Photo Credit: Jewish Press

One day Leah asked Yankel to meet her in Manhattan where she worked. Leah’s company, a computing firm, was on the 37th floor of the Woolworth Building, which Yankel had learned was once the tallest in the world back when it was built in 1913. The lobby was spectacular and stately. It still, after all these years, had the ability to impress. When he got out of the elevator at the 37th floor, Leah was already waiting for him. In the presence of this concrete ode to commerce, Yankel, although dressed in a suit, felt somewhat backward and provincial. His suit was ill-fitting and wrinkled. His pants were not cuffed and his shoes didn’t seem quite right either. Leah, on the other hand, looked like any of the women who worked in the building, only slightly more elegant. She wore a three-button skirt suit with navy suede shoes.

During the split second they waited for the down elevator, Yankel looked at her shoes.


She said, “You like them?” They had gold buckles over the toes.

“I don’t know anything about shoes, but they look stylish to me.”

Leah smiled. “Shoes are everything. Why, if the company doesn’t like your shoes, they can fire you.” The elevator dropped to the ground floor in what seemed like a second.

They stepped into the lobby. Soon they were outside and they walked south on Broadway. “You walk the streets like you own the place,” Yankel said.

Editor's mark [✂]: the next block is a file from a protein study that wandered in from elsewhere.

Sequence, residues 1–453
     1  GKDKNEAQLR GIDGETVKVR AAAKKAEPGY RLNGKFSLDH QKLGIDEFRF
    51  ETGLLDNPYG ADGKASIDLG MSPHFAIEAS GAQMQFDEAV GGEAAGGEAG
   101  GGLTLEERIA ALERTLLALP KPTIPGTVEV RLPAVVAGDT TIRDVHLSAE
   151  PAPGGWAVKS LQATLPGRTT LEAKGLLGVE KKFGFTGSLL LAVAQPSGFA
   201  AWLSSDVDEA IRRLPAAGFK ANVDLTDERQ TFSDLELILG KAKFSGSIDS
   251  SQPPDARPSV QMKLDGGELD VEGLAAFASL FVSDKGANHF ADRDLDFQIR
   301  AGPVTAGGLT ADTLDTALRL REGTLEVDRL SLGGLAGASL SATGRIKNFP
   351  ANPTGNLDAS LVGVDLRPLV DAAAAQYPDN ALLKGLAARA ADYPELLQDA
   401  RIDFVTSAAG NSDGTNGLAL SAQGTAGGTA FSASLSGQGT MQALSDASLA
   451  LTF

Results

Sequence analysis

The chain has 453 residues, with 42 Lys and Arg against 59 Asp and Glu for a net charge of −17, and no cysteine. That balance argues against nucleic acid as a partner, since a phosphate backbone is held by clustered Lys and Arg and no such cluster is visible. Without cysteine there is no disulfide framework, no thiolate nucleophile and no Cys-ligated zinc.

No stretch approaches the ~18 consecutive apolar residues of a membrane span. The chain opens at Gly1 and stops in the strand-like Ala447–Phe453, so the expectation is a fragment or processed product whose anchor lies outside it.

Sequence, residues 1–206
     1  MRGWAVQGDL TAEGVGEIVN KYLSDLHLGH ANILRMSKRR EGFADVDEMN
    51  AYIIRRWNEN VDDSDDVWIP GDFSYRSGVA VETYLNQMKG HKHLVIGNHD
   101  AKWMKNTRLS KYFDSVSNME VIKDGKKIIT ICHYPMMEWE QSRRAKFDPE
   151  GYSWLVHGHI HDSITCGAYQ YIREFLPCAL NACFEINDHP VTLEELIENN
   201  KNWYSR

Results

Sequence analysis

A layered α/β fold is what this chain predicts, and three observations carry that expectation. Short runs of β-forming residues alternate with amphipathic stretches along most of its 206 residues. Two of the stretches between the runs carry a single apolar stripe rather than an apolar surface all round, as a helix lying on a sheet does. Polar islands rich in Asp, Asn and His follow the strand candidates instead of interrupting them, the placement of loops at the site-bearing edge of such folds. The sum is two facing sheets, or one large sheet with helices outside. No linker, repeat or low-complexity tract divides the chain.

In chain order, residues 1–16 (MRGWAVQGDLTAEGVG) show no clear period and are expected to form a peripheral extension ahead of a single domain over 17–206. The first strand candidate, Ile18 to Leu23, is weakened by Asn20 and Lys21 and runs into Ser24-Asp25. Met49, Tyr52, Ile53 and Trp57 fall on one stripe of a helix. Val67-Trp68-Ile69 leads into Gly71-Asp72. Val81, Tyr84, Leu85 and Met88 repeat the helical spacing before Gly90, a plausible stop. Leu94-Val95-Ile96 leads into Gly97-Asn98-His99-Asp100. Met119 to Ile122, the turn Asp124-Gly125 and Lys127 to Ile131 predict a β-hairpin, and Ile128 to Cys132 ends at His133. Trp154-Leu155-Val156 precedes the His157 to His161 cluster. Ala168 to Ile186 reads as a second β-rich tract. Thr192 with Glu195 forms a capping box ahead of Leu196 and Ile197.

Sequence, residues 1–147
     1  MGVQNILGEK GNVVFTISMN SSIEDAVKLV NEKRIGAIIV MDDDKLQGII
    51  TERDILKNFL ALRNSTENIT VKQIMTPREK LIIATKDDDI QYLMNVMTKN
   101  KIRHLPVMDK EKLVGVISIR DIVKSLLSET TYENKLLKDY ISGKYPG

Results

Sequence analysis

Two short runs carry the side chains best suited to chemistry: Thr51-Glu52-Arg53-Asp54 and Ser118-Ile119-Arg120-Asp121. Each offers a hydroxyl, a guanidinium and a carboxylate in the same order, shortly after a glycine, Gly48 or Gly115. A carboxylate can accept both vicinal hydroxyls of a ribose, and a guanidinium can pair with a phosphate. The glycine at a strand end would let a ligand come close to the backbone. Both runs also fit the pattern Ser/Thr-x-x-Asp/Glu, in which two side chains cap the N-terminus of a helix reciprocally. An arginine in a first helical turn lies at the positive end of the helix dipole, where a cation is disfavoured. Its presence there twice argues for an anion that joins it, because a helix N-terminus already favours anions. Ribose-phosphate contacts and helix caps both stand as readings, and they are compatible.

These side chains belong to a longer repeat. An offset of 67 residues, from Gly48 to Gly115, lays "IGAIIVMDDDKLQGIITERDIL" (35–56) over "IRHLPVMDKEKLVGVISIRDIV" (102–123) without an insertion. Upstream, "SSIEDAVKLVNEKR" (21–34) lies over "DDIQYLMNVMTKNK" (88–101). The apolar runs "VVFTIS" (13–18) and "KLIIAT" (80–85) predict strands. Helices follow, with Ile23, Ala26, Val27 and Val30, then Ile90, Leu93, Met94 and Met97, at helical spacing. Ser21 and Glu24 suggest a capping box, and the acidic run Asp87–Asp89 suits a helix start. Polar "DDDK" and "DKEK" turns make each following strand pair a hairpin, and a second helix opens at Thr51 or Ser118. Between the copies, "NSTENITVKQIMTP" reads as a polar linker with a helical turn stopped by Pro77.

“The whole city feels like a playground to me.” She looked up toward the sky from the downtown canyon. “I love it here, even if back in Brooklyn they think of it as Sodom and Gomorrah.”

A shudder went through Yankel when he heard that. She likes the city – a place of gentile and Jewish tumah, impurities! He had to admire it in a way. She didn’t feel responsible for her ideas and she could fling them all into the wind and could care less what would come down where.

It was a winter day, sun-dappled but windy. Leah tightened her coat against her body. Yankel walked with a downward look.

“What are you thinking about, Yankel?”

Yankel was self-conscious going about on these streets in the middle of the day. For years he had only known the inside of the bais medrash, the four walls. It felt like he was playing hooky. “I’m thinking about two things. One is my shoes. Now that you mentioned shoes are important, I feel mine look a little bit like a loser’s. They have that cap toe, a little bulbous, with the heels worn down – and I am also thinking about a Gemara I am learning.”

Leah looked at his shoes. “They’re not so bad…they’re not cap toes. They’re wingtips.”